Earlier this year in the Spring edition of ProActivity following the Chanellor’s budget we covered the tax updates and changes for the year ahead. Now a few months on we take a look at the most recent news, updates and things to be aware of for your business, whether a small owner-managed firm or a large corporate.
Updated guidance on the temporary extension to carry back of trading losses for Corporation Tax and Income Tax
HMRC’s guidance on the submission of extended loss relief carryback claims for companies has been amended. HMRC is now advising not to submit amended returns for the periods that the loss is carried back to. If amended via HMRC’s online portal, such returns will be rejected as HMRC’s systems will recognise them as being out of time.
Instead, HMRC advises making a claim for the accounting period of the loss which will be treated as an amendment to the earlier years to which the loss is carried back.
Guidance on SDLT ‘exceptional circumstances’ amended
HMRC has made a small change to its guidance covering the exceptional circumstances under which higher-rate stamp duty land tax may be refunded. The guidance states that if a previous home was not sold within three years of purchasing a new home, due to exceptional circumstances, then a refund claim may be possible.
Previously, exceptional circumstances included “the impact of coronavirus preventing the sale”. This text has now been updated to “the impact of government-imposed restrictions preventing the sale”. This will allow homeowners to apply for a refund of the higher rate of SDLT even if the previous home was not sold within the three-year time limit, where that period came to an end on or after 1 January 2020. The guidance also advises that once this reason has ended, the previous home must be sold as soon as practicable to be able to apply for the refund. The claim must include an explanation of why the taxpayer was unable to sell the previous home within three years. Decisions will be made by HMRC on a case-by-case basis.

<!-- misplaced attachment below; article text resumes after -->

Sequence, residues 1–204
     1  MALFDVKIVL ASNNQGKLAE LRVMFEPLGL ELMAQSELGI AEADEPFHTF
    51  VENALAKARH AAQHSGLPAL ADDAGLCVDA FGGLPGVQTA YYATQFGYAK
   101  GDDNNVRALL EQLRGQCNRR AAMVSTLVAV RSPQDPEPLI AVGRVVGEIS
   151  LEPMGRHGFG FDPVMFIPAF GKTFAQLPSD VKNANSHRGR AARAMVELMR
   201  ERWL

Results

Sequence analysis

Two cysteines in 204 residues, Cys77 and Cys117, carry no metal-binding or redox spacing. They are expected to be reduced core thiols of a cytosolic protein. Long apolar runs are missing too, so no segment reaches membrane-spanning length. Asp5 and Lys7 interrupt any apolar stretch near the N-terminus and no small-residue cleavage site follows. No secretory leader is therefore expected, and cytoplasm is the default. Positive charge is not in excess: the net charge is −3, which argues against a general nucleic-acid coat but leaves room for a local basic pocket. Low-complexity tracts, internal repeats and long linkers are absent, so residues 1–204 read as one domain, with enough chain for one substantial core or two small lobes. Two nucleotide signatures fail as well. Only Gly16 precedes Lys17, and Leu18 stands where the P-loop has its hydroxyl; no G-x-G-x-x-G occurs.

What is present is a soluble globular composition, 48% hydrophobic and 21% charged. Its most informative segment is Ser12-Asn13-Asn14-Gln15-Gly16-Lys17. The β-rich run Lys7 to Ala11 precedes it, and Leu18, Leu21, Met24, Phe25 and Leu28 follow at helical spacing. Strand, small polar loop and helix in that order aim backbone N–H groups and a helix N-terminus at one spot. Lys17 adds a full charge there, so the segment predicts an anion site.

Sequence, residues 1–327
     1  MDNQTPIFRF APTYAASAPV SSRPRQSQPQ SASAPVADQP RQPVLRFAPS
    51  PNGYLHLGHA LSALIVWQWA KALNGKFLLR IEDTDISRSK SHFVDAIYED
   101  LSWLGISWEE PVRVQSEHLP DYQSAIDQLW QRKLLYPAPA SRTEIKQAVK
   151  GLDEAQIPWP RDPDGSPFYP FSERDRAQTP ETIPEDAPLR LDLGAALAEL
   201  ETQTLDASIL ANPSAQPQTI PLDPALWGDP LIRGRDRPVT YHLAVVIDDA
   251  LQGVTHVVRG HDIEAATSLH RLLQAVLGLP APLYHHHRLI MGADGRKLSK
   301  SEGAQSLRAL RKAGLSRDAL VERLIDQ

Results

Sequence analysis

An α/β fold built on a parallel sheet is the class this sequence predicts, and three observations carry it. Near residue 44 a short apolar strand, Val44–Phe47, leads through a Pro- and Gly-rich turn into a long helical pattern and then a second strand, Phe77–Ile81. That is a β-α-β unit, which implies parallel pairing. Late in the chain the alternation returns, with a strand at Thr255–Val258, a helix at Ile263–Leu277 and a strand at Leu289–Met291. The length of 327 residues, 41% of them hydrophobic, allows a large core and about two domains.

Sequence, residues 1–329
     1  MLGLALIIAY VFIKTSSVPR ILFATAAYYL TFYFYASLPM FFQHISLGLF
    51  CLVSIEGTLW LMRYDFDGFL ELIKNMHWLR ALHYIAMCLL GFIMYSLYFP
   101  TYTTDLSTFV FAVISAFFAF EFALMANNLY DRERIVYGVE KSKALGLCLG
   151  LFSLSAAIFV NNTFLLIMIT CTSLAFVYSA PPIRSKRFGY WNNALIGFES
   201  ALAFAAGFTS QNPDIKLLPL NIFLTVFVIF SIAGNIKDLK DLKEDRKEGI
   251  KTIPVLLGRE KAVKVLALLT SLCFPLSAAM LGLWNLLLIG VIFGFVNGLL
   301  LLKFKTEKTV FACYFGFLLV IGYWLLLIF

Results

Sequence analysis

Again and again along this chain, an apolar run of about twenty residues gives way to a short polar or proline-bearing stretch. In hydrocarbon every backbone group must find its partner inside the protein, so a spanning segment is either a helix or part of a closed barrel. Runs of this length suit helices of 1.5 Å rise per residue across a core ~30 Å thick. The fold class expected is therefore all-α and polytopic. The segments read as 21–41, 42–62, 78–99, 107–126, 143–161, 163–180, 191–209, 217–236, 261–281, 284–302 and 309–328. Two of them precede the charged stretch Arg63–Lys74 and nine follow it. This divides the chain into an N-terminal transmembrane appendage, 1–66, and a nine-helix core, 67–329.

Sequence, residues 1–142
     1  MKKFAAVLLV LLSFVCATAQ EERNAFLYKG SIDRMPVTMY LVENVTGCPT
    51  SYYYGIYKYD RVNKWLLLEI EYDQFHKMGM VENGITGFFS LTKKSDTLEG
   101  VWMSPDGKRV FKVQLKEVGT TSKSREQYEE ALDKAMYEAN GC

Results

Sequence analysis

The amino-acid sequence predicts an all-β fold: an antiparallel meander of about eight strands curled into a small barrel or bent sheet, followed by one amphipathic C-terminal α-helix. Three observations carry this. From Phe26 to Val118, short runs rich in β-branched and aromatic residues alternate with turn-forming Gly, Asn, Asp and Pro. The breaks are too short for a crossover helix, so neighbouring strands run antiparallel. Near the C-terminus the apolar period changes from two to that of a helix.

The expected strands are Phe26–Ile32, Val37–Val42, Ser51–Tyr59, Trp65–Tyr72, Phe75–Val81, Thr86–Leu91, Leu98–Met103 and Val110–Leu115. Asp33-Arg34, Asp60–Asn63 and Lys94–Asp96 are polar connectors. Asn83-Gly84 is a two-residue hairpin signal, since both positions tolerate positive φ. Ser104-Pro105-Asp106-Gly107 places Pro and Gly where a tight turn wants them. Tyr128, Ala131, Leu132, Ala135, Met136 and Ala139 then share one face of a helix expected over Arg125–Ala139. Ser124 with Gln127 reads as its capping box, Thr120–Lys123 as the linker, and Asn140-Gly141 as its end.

More support for those moving goods temporarily out of Great Britain and Northern Ireland
HMRC has published information on how to minimise duty payments when moving goods temporarily into and out of Great Britain and Northern Ireland. HMRC has outlined what options are available to businesses that are moving goods temporarily either from Great Britain to Northern Ireland, from Northern Island to Great Britain or from Great Britain to the European Union.
HMRC has also updated existing guidance on reliefs on customs duty and VAT for goods reimported to Great Britain to provide information about goods exported from Northern Ireland and to add time limits for goods in the European Union on 31 December 2020. You can claim a relief to pay less Customs Duty and VAT if you re-import goods to the UK. The goods must be re-imported in an unaltered state, apart from any work that may have been carried out to maintain the goods in working order, the goods cannot have been upgraded to increase their value.
If you are impacted by any of the updates or changes mentioned above you can contact the expert accountants at Foxley Kingham for a free consultation call, where you can discuss your requirements and options in confidence.